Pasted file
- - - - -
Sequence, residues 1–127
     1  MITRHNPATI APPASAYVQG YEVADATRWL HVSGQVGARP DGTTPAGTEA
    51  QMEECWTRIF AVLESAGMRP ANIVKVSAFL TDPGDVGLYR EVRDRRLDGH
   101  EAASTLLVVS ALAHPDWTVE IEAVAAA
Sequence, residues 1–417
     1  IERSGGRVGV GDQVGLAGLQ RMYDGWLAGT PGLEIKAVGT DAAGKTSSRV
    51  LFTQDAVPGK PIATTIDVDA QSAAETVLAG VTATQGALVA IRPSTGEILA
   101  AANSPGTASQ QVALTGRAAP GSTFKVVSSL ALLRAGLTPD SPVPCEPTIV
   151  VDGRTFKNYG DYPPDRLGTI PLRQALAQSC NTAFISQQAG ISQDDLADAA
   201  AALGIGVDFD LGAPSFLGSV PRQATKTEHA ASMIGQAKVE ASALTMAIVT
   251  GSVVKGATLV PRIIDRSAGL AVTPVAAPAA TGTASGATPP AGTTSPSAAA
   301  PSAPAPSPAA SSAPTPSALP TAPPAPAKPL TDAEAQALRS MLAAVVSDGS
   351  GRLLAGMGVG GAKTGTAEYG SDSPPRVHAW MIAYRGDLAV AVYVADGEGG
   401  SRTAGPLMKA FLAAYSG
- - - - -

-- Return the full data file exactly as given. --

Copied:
Sequence, residues 1–127
     1  MITRHNPATI APPASAYVQG YEVADATRWL HVSGQVGARP DGTTPAGTEA
    51  QMEECWTRIF AVLESAGMRP ANIVKVSAFL TDPGDVGLYR EVRDRRLDGH
   101  EAASTLLVVS ALAHPDWTVE IEAVAAA
Sequence, residues 1–417
     1  IERSGGRVGV GDQVGLAGLQ RMYDGWLAGT PGLEIKAVGT DAAGKTSSRV
    51  LFTQDAVPGK PIATTIDVDA QSAAETVLAG VTATQGALVA IRPSTGEILA
   101  AANSPGTASQ QVALTGRAAP GSTFKVVSSL ALLRAGLTPD SPVPCEPTIV
   151  VDGRTFKNYG DYPPDRLGTI PLRQALAQSC NTAFISQQAG ISQDDLADAA
   201  AALGIGVDFD LGAPSFLGSV PRQATKTEHA ASMIGQAKVE ASALTMAIVT
   251  GSVVKGATLV PRIIDRSAGL AVTPVAAPAA TGTASGATPP AGTTSPSAAA
   301  PSAPAPSPAA SSAPTPSALP TAPPAPAKPL TDAEAQALRS MLAAVVSDGS
   351  GRLLAGMGVG GAKTGTAEYG SDSPPRVHAW MIAYRGDLAV AVYVADGEGG
   401  SRTAGPLMKA FLAAYSG